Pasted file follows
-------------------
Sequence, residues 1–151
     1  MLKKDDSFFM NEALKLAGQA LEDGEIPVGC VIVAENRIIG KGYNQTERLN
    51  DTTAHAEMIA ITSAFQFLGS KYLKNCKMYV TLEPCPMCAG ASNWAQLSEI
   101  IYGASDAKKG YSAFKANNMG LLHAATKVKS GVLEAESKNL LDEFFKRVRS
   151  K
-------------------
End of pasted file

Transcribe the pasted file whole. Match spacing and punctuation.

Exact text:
Sequence, residues 1–151
     1  MLKKDDSFFM NEALKLAGQA LEDGEIPVGC VIVAENRIIG KGYNQTERLN
    51  DTTAHAEMIA ITSAFQFLGS KYLKNCKMYV TLEPCPMCAG ASNWAQLSEI
   101  IYGASDAKKG YSAFKANNMG LLHAATKVKS GVLEAESKNL LDEFFKRVRS
   151  K